Design for Manufacture (DFM) has been around for many years, in other guises such as value analysis or cost reduction systems.
A condition, placed on many contracts with suppliers, is that there is a reduction in selling price, year on year, over the term of the contract. The supplier can achieve this in two ways:
- reduce manufacturing costs, and/or
- introduce design changes in the product, with the approval of the customer
DFM normally applies to the initial design of a new product where a methodology is followed to ensure that the product: is easy to manufacture at an economic cost; is built to the required quality and can achieve the required reliability. DFM requires collaboration between design engineers, manufacturing engineers, procurement staff, suppliers and end users.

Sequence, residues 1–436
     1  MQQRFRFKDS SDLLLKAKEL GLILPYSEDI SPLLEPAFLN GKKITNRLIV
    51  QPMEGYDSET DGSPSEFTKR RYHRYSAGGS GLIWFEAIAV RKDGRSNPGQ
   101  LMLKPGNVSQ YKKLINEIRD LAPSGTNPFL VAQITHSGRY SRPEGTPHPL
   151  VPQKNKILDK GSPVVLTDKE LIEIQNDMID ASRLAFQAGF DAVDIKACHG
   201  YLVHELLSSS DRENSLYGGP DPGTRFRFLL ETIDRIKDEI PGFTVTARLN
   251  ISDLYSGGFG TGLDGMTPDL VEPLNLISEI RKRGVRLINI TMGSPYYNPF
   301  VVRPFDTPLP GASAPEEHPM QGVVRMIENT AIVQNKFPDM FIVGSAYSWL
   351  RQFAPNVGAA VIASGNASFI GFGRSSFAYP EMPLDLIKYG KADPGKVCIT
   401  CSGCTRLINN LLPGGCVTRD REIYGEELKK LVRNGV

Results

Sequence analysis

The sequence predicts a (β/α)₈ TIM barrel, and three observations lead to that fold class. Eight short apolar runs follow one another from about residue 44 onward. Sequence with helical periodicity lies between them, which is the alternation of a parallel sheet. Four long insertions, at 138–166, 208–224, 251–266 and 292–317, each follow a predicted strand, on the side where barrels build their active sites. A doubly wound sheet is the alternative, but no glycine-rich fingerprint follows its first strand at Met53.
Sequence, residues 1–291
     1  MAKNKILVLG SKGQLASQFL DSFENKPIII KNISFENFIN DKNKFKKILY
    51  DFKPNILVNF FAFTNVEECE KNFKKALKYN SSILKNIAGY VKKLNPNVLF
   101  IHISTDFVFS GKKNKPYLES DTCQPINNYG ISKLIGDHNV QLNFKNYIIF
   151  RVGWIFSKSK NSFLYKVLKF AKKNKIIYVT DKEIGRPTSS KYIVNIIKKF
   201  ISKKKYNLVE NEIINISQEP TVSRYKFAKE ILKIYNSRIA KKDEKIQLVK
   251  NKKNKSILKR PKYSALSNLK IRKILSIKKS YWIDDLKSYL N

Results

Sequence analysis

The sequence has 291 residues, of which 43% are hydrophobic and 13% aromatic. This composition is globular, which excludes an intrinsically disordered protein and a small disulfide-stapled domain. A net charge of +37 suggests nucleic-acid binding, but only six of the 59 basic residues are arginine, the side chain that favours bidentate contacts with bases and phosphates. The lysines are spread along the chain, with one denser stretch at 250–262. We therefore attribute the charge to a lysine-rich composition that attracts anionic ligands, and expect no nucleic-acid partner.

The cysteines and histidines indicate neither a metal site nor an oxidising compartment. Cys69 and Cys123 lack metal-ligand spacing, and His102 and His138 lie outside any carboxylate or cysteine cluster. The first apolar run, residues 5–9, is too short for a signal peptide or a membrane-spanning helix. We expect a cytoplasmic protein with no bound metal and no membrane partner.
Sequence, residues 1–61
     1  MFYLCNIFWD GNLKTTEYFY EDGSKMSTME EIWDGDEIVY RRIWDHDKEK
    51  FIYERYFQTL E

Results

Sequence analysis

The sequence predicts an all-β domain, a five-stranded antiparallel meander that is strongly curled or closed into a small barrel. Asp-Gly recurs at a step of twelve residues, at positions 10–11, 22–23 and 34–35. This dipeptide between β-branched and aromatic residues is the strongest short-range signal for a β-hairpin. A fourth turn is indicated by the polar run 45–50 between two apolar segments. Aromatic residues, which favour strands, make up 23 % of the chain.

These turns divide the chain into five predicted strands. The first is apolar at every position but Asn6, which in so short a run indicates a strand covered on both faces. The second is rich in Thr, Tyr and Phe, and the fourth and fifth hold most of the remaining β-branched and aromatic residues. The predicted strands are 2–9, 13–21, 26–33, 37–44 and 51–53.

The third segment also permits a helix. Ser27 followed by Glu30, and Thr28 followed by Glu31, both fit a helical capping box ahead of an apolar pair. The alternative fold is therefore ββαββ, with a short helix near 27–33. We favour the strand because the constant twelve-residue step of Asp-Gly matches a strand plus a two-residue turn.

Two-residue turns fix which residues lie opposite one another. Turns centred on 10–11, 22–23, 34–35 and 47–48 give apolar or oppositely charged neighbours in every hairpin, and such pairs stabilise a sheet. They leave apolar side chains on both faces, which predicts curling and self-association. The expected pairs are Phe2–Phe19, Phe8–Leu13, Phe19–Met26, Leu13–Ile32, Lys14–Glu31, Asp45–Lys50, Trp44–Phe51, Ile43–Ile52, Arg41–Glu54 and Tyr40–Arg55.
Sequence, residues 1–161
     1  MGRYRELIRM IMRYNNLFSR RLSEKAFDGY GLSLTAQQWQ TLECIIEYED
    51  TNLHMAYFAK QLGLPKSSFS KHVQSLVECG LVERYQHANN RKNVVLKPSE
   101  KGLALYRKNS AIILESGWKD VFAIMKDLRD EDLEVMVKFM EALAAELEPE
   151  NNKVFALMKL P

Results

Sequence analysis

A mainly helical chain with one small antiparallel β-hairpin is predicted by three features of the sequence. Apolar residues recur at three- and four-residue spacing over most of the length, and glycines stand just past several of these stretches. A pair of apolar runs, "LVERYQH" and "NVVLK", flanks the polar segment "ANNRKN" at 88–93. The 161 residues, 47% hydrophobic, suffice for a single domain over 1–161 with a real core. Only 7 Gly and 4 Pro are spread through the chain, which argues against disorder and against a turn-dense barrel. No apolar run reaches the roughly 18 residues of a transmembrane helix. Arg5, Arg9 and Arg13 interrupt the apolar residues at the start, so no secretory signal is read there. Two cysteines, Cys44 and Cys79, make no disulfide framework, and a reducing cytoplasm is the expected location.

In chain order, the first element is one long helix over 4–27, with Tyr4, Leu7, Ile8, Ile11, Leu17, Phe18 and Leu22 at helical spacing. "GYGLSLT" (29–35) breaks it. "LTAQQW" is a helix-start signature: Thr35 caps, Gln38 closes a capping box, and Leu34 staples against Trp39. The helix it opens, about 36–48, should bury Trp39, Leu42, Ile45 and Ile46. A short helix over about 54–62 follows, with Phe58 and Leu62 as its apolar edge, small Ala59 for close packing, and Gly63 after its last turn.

The two main aspects of DFM are:
- Parts standardisation, and
- Parts reduction
Typically, savings are made in areas such as:
- standardising hole sizes, so as to avoid excessive tool changes
- rationalising production operations, such as folding
- standardising fastener sizes
- using lighter materials in non-structural parts.
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The European Handbook of Management Consultancy, Oak Tree Press, Dublin, Ireland, 1995 (ISBN 1-86076-010-4)